How do you decide if having an MQT would be beneficial, or determine which MQTs should exist? IBM DB2 Design Advisor can help. Using current database statistics, the DB2 optimizer, snapshot monitor information, and/or a specific query or set of SQL statements (known as a workload) that you provide, the Design Advisor recommends indexes, MQTs, or multidimensional clustering (MDC) tables that would improve performance. The indexes, MQTs, or MDC tables; the statistics derived for them; and the Data Definition Language (DDL) statements required to create them can be written to a user-created table named ADVISE_INDEX.
The Design Advisor is invoked by executing the db2advis command. A GUI version of the Design Advisor, known as the Design Advisor Wizard, is also available; activate it by selecting the appropriate action from the Databases menu in the DB2 Control Center.
MQTs and subdomains
While it is possible to define MQTs for each and every query predicate used (which, by the way, is not a good idea), a decision support and data warehouse environment often contains a very small set of common query subpredicates and qualifiers that are executed over and over. A powerful, yet regularly overlooked use of MQTs is to optimize access to frequently used subdomains of data that resolve such subpredicates.
In this scenario, MQTs do not contain summarized data, but instead are used to help the DB2 optimizer quickly identify and isolate qualifying rows; the MQTs act as a quick prequalification of rows that are involved in several more complex queries. For example, a reporting system might have a dozen or more reports that use the subdomain of data representing YESTERDAY. One report might look at yesterday’s overall sales, another looks at yesterday’s sales by region, while a third looks at yesterday’s sales by product. Each of these three queries likely shares the common subpredicate WHERE DATE = YESTERDAY, which immediately limits the record set.
If you created three separate MQTs to answer each of these queries, they would require a significant amount of disk space to maintain. If, however, you constructed an MQT that simply delimits the domain, i.e., YESTERDAY; included attributes that are not likely to change, such as “Region” and “Product_ID”; and then created an appropriate index over this single MQT, all queries about YESTERDAY could be satisfied by this single MQT. Back JOINs and row fetches would most likely be required, but these operations would use a far smaller subset of the data.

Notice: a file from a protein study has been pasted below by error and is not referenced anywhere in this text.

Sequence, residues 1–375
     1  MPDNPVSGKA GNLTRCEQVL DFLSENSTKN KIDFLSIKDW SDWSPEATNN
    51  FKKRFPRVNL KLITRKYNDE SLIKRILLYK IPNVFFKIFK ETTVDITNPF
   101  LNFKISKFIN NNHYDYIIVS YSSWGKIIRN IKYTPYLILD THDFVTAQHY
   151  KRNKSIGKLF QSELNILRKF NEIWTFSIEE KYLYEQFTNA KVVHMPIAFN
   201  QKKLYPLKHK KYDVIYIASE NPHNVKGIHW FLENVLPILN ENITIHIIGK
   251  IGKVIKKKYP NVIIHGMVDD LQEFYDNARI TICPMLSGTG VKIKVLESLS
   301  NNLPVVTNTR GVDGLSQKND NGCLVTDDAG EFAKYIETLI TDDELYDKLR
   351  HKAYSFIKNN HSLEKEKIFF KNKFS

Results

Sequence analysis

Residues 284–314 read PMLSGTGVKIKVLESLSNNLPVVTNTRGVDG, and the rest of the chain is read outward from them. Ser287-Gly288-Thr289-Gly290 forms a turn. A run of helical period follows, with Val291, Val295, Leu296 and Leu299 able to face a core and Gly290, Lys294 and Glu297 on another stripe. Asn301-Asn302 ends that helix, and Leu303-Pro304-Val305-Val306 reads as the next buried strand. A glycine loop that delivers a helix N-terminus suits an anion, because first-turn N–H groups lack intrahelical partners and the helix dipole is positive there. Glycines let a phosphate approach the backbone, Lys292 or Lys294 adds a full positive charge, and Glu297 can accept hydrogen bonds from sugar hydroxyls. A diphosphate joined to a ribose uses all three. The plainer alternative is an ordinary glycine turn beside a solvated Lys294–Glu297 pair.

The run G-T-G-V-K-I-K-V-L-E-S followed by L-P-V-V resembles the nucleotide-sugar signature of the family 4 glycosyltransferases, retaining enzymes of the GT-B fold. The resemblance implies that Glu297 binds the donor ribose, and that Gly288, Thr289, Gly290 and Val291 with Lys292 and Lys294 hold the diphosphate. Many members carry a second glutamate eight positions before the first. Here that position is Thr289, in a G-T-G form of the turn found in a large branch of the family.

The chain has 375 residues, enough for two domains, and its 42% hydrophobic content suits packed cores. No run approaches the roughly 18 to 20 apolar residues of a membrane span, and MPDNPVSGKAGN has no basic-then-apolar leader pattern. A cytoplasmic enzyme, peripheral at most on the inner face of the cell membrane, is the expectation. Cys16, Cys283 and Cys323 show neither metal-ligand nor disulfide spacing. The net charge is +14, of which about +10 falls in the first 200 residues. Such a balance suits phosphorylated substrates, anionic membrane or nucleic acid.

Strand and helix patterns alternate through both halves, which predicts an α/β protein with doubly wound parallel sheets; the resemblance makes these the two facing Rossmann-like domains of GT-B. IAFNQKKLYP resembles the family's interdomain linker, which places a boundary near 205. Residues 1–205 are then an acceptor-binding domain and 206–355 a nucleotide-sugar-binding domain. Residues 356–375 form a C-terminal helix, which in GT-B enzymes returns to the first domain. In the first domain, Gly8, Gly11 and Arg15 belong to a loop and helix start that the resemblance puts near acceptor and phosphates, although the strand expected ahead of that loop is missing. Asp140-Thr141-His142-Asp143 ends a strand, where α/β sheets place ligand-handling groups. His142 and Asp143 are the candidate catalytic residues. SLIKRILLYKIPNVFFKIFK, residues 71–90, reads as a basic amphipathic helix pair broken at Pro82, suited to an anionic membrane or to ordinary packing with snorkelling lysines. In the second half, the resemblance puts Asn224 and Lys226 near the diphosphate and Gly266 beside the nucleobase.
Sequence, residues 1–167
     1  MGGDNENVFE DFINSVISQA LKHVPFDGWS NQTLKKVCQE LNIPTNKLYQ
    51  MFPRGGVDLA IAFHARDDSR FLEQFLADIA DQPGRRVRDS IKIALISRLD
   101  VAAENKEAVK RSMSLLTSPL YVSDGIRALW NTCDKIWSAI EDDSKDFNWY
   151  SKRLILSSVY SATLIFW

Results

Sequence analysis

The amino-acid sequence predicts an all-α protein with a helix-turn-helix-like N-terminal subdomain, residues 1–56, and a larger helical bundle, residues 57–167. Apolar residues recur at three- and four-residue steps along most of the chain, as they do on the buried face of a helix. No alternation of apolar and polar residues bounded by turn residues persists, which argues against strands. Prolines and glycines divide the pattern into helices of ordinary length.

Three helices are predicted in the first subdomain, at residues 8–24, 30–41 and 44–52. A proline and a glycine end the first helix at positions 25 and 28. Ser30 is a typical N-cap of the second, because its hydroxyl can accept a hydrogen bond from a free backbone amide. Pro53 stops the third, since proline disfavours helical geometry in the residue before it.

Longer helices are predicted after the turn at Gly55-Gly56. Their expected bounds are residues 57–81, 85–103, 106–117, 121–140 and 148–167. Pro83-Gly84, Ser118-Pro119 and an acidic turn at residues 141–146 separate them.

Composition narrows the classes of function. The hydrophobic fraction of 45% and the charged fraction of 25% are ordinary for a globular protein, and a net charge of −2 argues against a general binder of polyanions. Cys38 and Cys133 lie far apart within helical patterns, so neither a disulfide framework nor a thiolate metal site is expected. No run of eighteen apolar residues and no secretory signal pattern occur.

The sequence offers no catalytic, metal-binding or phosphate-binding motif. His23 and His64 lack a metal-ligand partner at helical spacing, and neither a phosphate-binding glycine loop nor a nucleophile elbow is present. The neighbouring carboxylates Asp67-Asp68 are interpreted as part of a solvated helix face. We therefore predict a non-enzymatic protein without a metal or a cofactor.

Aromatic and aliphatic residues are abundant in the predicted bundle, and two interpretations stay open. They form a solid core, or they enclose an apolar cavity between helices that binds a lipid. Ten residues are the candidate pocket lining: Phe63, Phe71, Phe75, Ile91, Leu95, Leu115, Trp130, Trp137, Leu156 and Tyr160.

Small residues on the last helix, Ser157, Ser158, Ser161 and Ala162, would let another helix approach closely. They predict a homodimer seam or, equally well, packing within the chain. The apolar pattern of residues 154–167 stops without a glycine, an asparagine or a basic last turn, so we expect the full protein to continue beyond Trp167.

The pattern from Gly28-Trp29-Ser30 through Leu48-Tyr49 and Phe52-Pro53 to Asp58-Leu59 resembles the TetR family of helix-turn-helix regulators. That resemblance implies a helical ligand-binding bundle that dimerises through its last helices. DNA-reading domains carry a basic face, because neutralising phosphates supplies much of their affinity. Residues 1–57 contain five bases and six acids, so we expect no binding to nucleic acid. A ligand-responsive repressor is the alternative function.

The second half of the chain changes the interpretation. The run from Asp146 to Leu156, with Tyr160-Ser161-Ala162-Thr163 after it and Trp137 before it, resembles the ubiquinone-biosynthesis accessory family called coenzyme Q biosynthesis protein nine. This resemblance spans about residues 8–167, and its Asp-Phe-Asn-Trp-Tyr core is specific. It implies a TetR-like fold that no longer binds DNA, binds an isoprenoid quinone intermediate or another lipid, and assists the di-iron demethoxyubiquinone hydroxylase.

The idea here is simple: make it as fast and easy as possible for DB2 to cut the data involved in multiple queries down to size without having to read several indexes, while also avoiding the creation and subsequent management of many similar MQTs. Find the common patterns in your queries, think about them in terms of the domains they express, and determine which attributes are used most often and which attributes will most quickly reduce the size of the data. Then, create an appropriate MQT for the queries being executed, create appropriate indexes on the base table(s) and the MQT, and keep the statistics current. Finally, let the DB2 optimizer choose whether to use the base table or the MQT; do not explicitly reference the MQT in the SQL.
REFRESH IMMEDIATE versus REFRESH DEFERRED
REFRESH IMMEDIATE MQTs affect query performance in the same manner as indexes. Specifically, they:
- Speed up the performance of relevant SELECT statements while returning current data
- Are automatically chosen by the optimizer whenever it makes sense
- Can degrade the performance of insert, update, and delete operations
- Cannot be updated directly
- May occupy considerable disk space
- May have exclusive locks held during updates of their base tables
On the other hand, REFRESH DEFERRED MQTs have no effect on the performance of insert, update, and delete operations. As a rule of thumb, use REFRESH IMMEDIATE MQTs in moderation to optimize frequently run queries in which current data is important.Special thanks to IBM Consulting Learning Specialist–Data Management Melanie Stopfer, IBM Senior DB2 Technical Evangelist Dwaine Snow, and IBM Senior Competitive Specialist Reed Meseck for providing information used to develop this article.